Walt Disney World: Wishes

 

 

Wishes 101

The Wishes Nighttime Spectacular is a firework show that goes off nightly (weather permitting) at Magic Kingdom. It's a wonderful tapestry of choreographed pyrotechnics and music orchestrated by Jiminy Cricket and the Blue Fairy (both of 1940's Pinocchio fame). There's a reason folks claims their spots in front of Cinderella's Castle an hour or two before showtime. But, what if you don't want to battle the crowds on Main Street? Where's the next best place? Here's some candidates...

Think Outside the Hub

There's a neat projection show on Cinderella's Castle before blastoff. Unless you're in front of the castle (either in the hub or on Main Street), you're going to miss it, and you'd definitely want to see it at least once. With that said, there's some great places to catch Wishes in the many lands around the hub. Mom and I caught an impromptu showing in Liberty Square, complete with music and ear-drum-shattering "booms" and "bangs". We were running to an attraction, but it's tough to say "no" to a firework show. We huddled close to a dimmed lamppost for a somewhat cockeyed viewing angle, but the fireworks looked so dynamic and animated! Think 4K quality. If anyone ever does a VR experience of Wishes, I'd want them to do it from this sort of vantage point. Speaking of full immersion, I've heard that the fireworks are shot from somewhere behind Fantasyland, and that the views from Fantasyland are like no other. If you could find a place to lay down and gaze up at the night sky, this might be the ticket! I've also witnessed Wishes from a race car at the Tomorrowland Speedway. As expected, nothing to write home about.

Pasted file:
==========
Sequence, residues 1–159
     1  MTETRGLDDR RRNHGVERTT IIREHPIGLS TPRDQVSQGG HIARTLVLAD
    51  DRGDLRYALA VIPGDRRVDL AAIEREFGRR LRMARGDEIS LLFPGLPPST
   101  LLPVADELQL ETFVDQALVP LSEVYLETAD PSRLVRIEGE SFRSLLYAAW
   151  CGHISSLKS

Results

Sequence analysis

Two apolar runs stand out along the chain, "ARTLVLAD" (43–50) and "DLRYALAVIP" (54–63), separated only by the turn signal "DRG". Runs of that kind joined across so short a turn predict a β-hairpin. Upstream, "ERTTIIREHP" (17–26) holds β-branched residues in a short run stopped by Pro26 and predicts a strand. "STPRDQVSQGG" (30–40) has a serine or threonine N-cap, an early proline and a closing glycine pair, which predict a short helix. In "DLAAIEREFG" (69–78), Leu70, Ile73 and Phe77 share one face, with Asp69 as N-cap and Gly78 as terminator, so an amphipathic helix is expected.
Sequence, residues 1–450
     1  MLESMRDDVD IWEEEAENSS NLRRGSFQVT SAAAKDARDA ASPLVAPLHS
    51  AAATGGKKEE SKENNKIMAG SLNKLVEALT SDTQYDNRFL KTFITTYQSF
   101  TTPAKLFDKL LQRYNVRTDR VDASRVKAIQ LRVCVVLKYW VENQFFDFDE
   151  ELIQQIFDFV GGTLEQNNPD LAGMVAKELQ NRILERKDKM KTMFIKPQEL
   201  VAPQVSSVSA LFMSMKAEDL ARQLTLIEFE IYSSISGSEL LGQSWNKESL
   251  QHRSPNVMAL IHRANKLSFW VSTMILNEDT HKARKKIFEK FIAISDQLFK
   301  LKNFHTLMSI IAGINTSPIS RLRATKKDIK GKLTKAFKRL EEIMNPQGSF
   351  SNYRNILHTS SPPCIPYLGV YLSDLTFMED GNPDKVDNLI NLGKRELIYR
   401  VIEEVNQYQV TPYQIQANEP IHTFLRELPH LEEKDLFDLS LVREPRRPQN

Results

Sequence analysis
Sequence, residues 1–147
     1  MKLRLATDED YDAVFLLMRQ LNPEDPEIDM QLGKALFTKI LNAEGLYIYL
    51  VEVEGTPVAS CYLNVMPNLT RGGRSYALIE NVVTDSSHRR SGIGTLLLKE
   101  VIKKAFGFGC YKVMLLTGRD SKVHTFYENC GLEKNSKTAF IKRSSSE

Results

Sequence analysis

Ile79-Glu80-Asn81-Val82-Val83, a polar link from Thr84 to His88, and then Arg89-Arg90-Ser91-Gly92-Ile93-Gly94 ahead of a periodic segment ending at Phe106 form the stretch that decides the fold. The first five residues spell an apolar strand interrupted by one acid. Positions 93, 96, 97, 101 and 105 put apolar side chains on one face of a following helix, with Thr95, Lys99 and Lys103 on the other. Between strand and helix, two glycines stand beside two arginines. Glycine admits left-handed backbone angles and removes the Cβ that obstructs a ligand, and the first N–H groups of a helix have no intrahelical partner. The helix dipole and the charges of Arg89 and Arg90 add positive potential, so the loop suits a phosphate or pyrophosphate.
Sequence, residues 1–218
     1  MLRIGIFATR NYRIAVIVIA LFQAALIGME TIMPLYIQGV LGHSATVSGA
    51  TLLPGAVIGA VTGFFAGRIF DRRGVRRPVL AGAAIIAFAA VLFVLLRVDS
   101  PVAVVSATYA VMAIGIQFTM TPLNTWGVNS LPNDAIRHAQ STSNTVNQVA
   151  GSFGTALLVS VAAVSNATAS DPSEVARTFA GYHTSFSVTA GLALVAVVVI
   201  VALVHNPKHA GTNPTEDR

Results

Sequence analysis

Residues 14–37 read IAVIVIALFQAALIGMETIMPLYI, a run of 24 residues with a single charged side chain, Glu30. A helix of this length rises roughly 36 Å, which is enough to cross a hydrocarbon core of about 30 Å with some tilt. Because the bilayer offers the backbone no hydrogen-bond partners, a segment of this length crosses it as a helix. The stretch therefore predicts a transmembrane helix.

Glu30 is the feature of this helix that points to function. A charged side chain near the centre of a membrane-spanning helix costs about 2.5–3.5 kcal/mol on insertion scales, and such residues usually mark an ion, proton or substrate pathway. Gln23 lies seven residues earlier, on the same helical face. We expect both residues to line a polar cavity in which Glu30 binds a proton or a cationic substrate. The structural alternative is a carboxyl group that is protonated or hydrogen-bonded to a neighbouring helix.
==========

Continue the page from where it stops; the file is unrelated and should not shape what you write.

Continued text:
Around the Seven Seas Lagoon

Three deluxe resorts surround the Seven Seas Lagoon. If the Magic Kingdom is 12 o'clock on a clock, the Contemporary, Polynesian Village, and Floridian are 4, 6, and 9, respectively, with the Contemporary being the closest. Disney pipes the Wishes music to most of the vantage points at these resorts, so you're not missing out in the least. In fact, watching Wishes from a resort has to be one of the most subdued, relaxing experiences during a Disney vacation. Mom and I caught Wishes atop the Contemporary at the California Grill. The servers are very good about pacing your meal to accommodate Wishes. We finished our main course and then jetted for the viewing area. After the show, we arrived back at our table where fresh coffee and desserts waited. And we got that reservation the day earlier! Sometimes it pays to be spontaneous at Disney. For a significantly cheaper dining experience, give Gasparilla Island Grill at the Floridian a taste. If you get there early enough (I'd say twenty minutes before blastoff), you can snag a table outside with great views of the castle. And the view is so unique! I liken it to viewing a play behind the curtain, off to the side. You can really get an appreciation for how Disney pulls it all off. As for food, the Grand Gaspy Burger cannot be beat. Maybe I was in a overly good mood, but this burger festooned with pulled pork was one of the best I've ever eaten.

In the Seven Seas Lagoon